Dehumanizing the Leader

02 Jun

I have spent much of the last 15 years or so studying leaders and leadership.  Much of that time I have also been actively leading.  Through reading, coaching, mentoring, observing, academic study, conferences, case studies, etc, I consider myself a pretty serious student of leadership. While I have not always led well, I am passionate about leadership, helping people develop their gift of leadership, and seeing leaders operate at their full God-given potential. And I am most passionate about leadership in the areas of church, ministry, non-profits, etc. But I study it all — business, military, sports, politics, academics, etc.

These days, I am not leading much of anything.  But I am still studying leaders. I also still get the opportunity to sit and talk to folks who are on the front lines of leadership every day — mostly pastors, but also business people, non-profit executive directors, etc.

One of the things I have noticed is how often — especially in church settings — leaders are dehumanized.

I know that it is popular to bash leaders… to say things like they are power-hungry, ego-driven, people who don’t care about the people they lead.

This has simply not been my experience.

I know both good leaders and not-so-good leaders; good pastors and not-so-good pastors. But I have to tell you that I have never met a pastor who wasn’t a passionate follower of Jesus, committed to the mission Jesus as given them, filled with love for the people they lead and the people they are trying to reach.

Yet, they are so often dehumanized.

Here is what I mean by that… we treat them like they aren’t real human beings.

We do this by saying nasty things to them and about them — things we would never say to anyone else and would be mortified if someone said it to us.

We do this by projecting our own issues, weaknesses and issues onto them.

We do this through unrealistic expectations for them — in terms of availability, always get the right decision, balancing compassion with mission, etc etc etc.

We do this in how we talk about and analyze their lives within the comunity.

We do this by putting leaders on pedestals and then being angry when they fail to live up to our fantasies about what they should be.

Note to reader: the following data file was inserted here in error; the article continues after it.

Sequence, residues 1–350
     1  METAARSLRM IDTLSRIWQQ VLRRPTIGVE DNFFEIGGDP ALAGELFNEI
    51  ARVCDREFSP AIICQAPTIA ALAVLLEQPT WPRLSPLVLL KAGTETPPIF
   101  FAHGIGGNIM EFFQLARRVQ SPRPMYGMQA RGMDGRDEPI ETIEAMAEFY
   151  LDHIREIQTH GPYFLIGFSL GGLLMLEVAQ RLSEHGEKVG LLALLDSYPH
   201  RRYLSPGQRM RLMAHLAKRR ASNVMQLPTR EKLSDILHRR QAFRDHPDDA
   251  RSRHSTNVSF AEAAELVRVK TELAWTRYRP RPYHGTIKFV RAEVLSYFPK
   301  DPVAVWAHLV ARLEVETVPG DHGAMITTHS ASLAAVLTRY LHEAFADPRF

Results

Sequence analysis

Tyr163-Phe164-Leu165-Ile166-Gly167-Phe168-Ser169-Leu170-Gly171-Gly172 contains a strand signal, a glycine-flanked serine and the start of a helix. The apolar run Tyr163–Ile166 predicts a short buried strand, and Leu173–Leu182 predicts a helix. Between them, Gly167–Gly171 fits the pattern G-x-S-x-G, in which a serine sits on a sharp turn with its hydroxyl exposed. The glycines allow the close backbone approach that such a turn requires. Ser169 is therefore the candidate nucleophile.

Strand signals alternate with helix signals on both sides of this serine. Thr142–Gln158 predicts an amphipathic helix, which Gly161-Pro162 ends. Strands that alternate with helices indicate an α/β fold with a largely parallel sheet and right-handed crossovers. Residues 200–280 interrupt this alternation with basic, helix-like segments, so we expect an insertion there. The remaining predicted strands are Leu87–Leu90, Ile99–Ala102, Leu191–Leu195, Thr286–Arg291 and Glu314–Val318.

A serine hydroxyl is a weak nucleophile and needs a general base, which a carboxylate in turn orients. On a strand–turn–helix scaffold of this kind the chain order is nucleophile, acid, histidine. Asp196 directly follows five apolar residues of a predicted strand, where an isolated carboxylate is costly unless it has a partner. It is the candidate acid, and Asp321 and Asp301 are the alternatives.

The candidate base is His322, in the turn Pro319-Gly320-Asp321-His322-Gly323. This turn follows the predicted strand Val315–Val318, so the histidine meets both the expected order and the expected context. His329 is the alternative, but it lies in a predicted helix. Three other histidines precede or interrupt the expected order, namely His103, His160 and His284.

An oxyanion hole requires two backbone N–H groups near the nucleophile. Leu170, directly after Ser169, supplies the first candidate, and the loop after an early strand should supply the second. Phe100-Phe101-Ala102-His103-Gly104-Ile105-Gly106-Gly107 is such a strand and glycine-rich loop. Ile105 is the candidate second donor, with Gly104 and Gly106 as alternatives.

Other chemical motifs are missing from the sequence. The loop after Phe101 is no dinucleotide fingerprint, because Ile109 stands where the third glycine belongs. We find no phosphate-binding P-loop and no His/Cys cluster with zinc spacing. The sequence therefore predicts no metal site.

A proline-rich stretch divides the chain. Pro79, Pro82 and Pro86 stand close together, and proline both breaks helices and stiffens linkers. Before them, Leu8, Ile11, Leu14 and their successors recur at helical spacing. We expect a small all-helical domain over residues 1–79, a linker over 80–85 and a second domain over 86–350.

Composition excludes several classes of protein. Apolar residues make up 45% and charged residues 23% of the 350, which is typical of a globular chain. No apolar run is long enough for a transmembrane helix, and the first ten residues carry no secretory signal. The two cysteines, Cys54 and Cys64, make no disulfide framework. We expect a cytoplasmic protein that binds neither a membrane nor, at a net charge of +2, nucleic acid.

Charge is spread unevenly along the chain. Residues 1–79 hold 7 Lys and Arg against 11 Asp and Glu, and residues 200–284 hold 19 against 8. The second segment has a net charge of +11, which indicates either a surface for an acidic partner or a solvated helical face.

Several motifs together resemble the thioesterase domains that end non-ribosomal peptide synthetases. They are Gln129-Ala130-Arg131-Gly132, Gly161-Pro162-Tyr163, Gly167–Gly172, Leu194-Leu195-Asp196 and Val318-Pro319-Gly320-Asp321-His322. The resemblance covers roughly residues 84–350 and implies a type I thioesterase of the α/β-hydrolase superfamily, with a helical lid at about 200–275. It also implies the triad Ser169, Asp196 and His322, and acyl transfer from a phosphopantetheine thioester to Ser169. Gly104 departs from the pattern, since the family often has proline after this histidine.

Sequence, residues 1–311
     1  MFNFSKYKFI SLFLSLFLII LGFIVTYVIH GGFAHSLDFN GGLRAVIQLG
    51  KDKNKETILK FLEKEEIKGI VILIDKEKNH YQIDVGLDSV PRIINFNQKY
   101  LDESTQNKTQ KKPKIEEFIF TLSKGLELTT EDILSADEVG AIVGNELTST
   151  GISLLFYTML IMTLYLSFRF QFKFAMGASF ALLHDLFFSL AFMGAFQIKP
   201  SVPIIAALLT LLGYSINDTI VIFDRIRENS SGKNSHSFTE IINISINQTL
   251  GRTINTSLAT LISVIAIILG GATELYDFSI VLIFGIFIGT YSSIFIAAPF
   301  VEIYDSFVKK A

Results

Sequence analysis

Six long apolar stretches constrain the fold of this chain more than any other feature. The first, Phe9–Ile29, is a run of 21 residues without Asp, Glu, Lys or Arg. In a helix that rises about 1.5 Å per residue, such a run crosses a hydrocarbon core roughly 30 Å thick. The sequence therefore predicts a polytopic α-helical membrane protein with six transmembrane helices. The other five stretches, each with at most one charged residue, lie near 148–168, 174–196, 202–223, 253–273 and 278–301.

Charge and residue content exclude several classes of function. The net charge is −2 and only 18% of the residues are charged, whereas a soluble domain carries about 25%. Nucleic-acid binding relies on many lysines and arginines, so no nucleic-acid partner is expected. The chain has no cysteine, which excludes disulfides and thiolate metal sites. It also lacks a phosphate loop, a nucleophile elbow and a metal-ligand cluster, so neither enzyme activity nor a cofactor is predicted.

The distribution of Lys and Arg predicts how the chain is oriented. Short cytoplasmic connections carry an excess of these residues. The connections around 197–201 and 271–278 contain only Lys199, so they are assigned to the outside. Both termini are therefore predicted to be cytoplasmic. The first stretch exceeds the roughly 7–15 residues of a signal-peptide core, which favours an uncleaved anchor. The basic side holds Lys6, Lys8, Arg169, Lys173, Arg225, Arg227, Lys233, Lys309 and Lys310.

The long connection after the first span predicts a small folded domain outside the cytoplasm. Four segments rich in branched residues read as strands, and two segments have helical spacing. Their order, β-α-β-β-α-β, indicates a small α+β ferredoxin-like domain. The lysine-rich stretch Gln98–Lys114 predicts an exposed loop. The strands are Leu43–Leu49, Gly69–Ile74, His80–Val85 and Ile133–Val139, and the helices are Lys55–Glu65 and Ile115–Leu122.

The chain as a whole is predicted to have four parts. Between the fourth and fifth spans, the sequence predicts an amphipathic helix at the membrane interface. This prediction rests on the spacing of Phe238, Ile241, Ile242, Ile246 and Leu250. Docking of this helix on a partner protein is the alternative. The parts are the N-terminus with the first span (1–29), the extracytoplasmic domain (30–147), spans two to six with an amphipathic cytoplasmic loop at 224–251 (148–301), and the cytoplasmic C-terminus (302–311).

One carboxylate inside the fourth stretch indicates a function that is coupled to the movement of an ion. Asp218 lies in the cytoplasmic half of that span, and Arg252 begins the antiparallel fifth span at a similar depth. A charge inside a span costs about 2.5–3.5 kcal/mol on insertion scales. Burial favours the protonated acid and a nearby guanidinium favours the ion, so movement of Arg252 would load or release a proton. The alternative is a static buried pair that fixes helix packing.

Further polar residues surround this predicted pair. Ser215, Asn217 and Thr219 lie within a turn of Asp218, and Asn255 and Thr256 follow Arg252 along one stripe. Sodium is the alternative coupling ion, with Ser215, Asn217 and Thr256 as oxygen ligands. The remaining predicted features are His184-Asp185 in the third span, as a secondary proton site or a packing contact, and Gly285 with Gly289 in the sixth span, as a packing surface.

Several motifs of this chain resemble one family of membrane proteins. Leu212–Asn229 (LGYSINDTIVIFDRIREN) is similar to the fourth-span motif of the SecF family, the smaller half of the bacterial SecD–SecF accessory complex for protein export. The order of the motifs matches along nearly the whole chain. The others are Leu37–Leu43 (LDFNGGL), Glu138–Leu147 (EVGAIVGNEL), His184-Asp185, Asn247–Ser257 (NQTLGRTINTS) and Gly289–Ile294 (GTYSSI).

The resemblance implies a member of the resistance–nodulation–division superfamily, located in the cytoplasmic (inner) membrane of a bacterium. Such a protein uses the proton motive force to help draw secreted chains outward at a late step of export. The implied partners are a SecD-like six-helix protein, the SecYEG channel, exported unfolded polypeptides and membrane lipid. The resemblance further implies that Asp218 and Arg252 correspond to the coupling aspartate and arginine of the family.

We do this when make them into father-figures and mother-figures.

We do it with our words, our attacks, our critiques.

Almost every leader I know has a deep heart for the people they lead — and yet are constantly being beaten up by those same people.

Then, when leaders burn out we blame them.

Now I think leaders need to do more in the area of self-leadership to protect them from these things. I know that I needed some good places to just vent and process when I was leading… I needed regular sabbath and days-away and personal retreats… but it was still hard.

I think congregations and Boards can do a lot more to help, serve and love their leaders than they do. I have posted some of my thoughts on this here. I was very lucky, at least in my last position. I had some very close and supportive friends in the congregation and some older and wiser mentors as well. That made a big difference — but it didn’t eliminate the attacks.  And in previous jobs, all I can say is that you probably would not believe some the stories I could tell you… now they are kind of funny, but at the time it was deeply hurtful, painful and stressful.

But I am interested… what are your thoughts and experiences? Why do you think it is so easy for people to dehumanize leaders? Have you seen this at play? Have you done it?  What can be done to change the culture?

Would love to hear your thoughts…

1 Comment

Posted by on June 2, 2010 in Uncategorized


One response to “Dehumanizing the Leader

  1. Rick

    June 2, 2010 at 4:00 pm

    <p>Put a person on a pedestal and you have the chance to knock them off, scapegoat them, or worship them. And a person who takes on a leadership role can do very little to stop that process and with some folks, nothing at all. Leaders allow us to follow and not take the blame but bask in the collective sunshine when the work goes well. It is simply human nature and part of the gambit of deciding if you want to lead. Personally, I believe life is way too short not to take the chance and participate as fully as possible. What I have learned to accept is that no matter what I do, there will be people that don’t like me, don’t agree with me, and don’t respect me for what I do and who I am and that is a GOOD thing. Considering those that do like, agree, and respect me, it would be between folly and tragedy to give those who don’t like me the power to change who and what I am.</p>



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